The Calhoun Critical Zone Observatory is characterized by a distinct topography with the combination of gullies, interfluves, hillslopes and significantly eroded areas. Understanding the relative importance of different geomorphological processes that led to these conditions in relation to the hydroclimatic and landAuse forcing that have shaped this peculiar landscape is crucial to reconstruct sediment and soil carbon fluxes, predict critical conditions of landscape degradation, and manage their recovery. Toward this main goal, an extension of the analytical theory of the drainage area (which represents a surrogate for water surface runoff responsible for fluvial incision) is presented here to include critical and singular points of the topographic surface. This allows us to represent, in a mathematically consistent way, the evolution of drainage area and ridge and valley lines in landscape evolution models. Preliminary results of backward and forward evolution in time are presented for different formulations of soil creep diffusion and advective river incision to reconstruct possible scenarios at younger stages and explore possible future evolutions.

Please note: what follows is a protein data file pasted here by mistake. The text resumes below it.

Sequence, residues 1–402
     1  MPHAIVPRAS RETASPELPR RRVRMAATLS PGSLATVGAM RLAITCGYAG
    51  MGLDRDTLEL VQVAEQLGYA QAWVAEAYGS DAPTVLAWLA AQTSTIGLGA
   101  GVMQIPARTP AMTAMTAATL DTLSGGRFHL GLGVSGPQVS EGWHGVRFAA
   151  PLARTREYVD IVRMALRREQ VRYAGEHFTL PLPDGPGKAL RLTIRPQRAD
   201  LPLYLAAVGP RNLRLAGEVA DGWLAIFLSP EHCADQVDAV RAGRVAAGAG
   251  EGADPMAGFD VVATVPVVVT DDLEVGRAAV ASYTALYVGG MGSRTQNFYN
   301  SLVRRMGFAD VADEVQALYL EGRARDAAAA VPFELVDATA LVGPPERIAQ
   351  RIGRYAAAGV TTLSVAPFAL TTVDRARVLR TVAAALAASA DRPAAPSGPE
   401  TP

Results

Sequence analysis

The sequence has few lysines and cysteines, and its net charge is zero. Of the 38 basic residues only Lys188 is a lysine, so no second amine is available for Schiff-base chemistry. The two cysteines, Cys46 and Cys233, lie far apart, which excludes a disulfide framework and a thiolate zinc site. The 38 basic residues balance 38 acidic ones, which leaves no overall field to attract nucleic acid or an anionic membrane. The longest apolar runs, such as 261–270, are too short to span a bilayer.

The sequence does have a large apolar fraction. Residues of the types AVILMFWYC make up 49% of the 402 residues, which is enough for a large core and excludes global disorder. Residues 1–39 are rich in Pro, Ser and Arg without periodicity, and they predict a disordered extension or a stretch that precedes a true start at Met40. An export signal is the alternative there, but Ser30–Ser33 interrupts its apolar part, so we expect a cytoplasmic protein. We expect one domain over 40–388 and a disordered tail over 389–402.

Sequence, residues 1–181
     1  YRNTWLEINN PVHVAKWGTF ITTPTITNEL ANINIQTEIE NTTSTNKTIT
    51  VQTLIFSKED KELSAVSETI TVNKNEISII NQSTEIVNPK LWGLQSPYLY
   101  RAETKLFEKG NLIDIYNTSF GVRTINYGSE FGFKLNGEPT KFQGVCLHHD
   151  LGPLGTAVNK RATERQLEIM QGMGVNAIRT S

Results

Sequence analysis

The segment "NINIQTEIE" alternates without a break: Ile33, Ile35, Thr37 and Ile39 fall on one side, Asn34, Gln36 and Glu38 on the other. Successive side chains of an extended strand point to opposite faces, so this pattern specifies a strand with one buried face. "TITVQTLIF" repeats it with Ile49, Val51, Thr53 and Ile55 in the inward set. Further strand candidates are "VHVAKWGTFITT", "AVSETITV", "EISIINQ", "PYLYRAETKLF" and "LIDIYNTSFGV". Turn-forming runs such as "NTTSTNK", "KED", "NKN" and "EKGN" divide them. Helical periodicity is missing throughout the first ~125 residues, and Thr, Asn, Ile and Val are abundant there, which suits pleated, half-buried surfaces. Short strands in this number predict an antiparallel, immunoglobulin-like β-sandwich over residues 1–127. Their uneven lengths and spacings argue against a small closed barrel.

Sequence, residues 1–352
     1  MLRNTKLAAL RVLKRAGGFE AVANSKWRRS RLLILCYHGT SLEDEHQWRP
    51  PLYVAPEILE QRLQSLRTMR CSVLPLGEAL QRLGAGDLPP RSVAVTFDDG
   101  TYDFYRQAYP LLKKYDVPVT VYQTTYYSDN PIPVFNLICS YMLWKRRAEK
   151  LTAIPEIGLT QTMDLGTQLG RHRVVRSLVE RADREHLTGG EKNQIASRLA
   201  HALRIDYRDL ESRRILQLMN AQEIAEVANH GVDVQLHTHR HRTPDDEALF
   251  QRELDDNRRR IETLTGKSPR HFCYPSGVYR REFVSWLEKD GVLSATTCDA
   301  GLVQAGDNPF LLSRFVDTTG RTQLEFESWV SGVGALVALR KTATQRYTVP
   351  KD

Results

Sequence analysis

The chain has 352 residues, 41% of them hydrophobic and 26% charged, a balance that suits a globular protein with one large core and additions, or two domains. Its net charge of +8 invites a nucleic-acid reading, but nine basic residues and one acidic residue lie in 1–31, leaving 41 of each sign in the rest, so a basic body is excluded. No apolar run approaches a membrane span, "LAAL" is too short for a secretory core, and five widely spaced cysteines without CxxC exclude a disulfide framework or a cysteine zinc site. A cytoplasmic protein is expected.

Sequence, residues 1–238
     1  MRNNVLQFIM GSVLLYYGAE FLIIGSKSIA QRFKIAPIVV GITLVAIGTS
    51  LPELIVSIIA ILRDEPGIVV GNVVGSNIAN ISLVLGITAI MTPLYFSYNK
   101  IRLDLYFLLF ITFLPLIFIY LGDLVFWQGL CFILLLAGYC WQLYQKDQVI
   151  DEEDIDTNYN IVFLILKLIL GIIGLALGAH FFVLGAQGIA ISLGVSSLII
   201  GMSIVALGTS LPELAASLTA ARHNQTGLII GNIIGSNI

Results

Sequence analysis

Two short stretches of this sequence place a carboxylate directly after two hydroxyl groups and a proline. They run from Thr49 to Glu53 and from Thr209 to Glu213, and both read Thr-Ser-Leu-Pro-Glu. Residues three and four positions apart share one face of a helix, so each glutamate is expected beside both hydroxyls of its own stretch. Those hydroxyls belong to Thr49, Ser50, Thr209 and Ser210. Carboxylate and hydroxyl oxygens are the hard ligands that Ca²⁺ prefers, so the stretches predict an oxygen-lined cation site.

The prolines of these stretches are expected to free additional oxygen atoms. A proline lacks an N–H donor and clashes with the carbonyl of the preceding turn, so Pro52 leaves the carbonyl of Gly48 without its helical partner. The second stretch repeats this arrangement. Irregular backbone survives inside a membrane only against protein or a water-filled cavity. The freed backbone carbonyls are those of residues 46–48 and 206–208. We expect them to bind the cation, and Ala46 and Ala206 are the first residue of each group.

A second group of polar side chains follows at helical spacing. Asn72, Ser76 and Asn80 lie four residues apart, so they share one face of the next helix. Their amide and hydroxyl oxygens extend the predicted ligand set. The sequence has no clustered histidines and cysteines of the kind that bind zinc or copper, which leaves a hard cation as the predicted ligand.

Sara Bonetti and Amilcare Porporato (2017): Forward and backward evolution of the Calhoun CZO landscape. Critical Zone Science: Current Advances and Future Opportunities, workshop in Arlington, VA, 4-6 June, 2017.
This Paper/Book acknowledges NSF CZO grant support.